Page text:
No Honor Among Thieves: Card Skimming Gangs Turn on Each Other
As a callback to my blog about IoT malware authors turning on each other to compete for computing resources, this hilarious trend is also making its way into the credit card skimming underworld. Bone broth and neck thickening cream connoisseurs were disappointed to learn that Alex Jones’ InfoWars.com website had Magecart credit card stealing malware embedded in it. Similar effects were felt at high-profile targets such as British Airways (BA) and Ticketmaster where 380,000 and 40,000 customers respectively, trying to buy airline travel or concert tickets were subject to getting their payment details stolen. Although just a fraction of victims compared to the high-profile Target and Home Depot credit card breaches, the Magecart malware remained undetected for weeks despite all of the security controls in place at BA and Ticketmaster. Did these companies not learn from these attack campaigns? That begs the questions what and who is Magecart?
To take a step back, credit and debit card data is traditionally stolen by physical devices attached to Automatic Teller Machines (ATMs), gas pumps, and Point of Sales (POS) devices. These devices are placed over the actual credit card reader and captures the payment card details when a customer inserts his or her card into the legitimate reader. (Security pro tip: pull hard on the card reader at an ATM or gas pump. You may look dumb if you’re wrong, but card skimming devices are often not physically secured well and you may find one in the wild) This data is monetized by selling credit card numbers in bulk on underground websites (often only accessible through TOR, to protect anonymity) called carding forums. One such famous carding forum ShadowCrew, created by infamous hacker Albert Gonzales of TJX and Heartland Payments breach fame, features seller accounts, review capabilities, and how-to tutorials. A seller’s reputation and sales depend on providing high quality stolen data with a low number of invalid cards. If too many purchased cards are invalid, incomplete, or already cancelled, buyers will report negative feedback and that seller’s sales will drop.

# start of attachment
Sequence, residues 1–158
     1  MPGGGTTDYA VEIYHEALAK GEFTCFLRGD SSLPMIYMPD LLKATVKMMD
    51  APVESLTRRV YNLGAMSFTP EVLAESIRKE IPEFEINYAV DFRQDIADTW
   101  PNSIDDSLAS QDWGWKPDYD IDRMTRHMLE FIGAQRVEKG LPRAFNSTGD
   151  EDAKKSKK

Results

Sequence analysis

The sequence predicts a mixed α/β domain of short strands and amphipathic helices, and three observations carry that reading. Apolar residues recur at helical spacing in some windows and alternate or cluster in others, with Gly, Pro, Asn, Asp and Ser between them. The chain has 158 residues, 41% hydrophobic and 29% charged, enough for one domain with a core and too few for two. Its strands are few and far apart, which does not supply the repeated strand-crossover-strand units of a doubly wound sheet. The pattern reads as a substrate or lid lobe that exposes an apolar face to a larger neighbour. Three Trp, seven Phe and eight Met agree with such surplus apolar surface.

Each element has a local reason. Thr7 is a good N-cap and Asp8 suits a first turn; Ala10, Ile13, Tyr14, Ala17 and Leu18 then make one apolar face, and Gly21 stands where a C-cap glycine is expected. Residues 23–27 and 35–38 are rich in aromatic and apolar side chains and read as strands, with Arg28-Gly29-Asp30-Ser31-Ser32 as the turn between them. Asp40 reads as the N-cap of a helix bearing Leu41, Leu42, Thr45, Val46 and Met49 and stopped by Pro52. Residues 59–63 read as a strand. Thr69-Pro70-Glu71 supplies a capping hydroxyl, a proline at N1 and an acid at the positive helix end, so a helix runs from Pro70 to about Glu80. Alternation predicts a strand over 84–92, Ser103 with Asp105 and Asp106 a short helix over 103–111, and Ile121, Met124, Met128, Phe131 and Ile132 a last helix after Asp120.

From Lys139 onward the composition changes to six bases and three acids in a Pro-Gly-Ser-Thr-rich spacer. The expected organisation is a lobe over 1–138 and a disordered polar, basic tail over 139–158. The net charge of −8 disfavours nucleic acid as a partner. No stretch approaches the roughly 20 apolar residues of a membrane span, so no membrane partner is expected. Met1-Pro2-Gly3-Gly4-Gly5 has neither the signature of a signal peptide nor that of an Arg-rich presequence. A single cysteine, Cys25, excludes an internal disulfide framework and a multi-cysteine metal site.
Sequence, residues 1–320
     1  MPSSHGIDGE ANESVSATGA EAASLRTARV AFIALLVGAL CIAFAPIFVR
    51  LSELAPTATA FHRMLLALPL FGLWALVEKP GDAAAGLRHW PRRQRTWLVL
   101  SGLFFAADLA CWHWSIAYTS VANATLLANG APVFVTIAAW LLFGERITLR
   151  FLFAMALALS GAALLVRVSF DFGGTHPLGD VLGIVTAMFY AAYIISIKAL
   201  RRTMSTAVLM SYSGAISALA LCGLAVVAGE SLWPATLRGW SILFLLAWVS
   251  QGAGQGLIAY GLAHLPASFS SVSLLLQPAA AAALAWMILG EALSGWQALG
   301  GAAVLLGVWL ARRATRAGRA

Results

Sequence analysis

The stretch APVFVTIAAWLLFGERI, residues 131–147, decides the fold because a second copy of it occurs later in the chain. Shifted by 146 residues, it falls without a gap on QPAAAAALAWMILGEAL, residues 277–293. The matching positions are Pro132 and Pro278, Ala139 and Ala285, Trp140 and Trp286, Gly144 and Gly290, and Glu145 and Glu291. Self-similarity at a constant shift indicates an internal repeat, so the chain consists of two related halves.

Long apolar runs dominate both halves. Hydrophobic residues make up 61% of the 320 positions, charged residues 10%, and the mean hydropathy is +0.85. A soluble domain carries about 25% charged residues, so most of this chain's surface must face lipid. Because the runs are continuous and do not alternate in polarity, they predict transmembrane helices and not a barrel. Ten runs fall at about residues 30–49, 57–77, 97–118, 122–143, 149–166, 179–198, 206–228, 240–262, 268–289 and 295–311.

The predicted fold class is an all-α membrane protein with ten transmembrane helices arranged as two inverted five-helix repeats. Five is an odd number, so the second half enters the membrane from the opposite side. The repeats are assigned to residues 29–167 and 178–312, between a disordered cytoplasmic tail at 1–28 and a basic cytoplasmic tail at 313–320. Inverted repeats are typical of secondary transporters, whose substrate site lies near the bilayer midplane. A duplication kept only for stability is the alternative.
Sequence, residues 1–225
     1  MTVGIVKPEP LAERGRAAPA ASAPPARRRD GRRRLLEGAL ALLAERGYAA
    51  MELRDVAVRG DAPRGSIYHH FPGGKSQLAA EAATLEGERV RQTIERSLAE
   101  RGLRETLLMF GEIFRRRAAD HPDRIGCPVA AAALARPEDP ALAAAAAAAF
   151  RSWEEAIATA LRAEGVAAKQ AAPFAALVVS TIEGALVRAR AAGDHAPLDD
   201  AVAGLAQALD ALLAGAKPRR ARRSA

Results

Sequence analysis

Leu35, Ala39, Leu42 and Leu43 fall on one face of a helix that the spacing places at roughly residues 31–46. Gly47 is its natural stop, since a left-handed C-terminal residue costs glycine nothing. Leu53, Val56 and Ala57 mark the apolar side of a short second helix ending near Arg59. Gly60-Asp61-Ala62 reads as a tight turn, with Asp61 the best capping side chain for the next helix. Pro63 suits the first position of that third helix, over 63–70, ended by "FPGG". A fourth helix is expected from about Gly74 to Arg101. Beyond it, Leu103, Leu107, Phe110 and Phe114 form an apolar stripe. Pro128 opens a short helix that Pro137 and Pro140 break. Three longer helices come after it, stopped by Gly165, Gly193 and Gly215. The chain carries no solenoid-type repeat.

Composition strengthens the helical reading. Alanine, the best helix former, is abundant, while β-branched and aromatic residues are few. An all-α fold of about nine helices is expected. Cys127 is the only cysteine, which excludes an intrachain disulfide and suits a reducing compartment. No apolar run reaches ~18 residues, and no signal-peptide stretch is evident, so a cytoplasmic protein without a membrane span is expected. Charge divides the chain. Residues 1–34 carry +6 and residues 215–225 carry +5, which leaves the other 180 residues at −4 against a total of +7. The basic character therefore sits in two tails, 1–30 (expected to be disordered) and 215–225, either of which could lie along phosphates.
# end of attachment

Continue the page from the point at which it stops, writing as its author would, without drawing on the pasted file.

Payment card theft, like compromising insecure IoT devices is a zero-sum game. If Group A compromises Acme Corporation’s website to steal payment card details from their customers, Group B compromising Acme’s website will get the exact same payment card information as Group A. When attempting to monetize these compromised payment card numbers by selling them on carding forums, the stolen payment card numbers will be worth significantly less since there will be duplicates and have a higher chance of being discovered and cancelled. It is in a group’s best interest to lock out other groups from stealing their stolen data to protect the integrity of the stolen data.
In the spirit that attacks never get worse, they only get better, Magecart and digital card skimming software will continue to proliferate and become more sophisticated. Citing macroeconomic factors with the drop in cryptocurrency prices, hacking groups are turning their attention to other low hanging fruit such as digital card skimming. Easy access to the malicious code only exacerbates the problem. According to Fortune, US Black Friday 2018 e-commence sales jumped 23.6% compared to 2017 making digital card skimming a target rich environment with an increasing total addressable market. Of note, almost 30% of US Black Friday 2018 sales were done from smartphone devices, which typically do not contain the same security controls as laptop and desktop PCs.
While from a security research perspective, it is hilarious to watch the drama unfolding as rival hacker groups compete with each other, we cannot simply "Give 'em guns step back watch 'em kill each other”, as famous lyricist Tupac Shakur once opined. Innocent customers are betting caught in the crossfire and at the end of the day, someone’s payment card details are being stolen and sold. In 2016, Identity theft and credit card fraud cost consumers, banks, insurers, and merchants over $16 billion in the US alone. Until companies are held more accountable to protecting their customers’ data by securing their systems and those of their reliant third parties, it’s up to the customers to keep their data safe.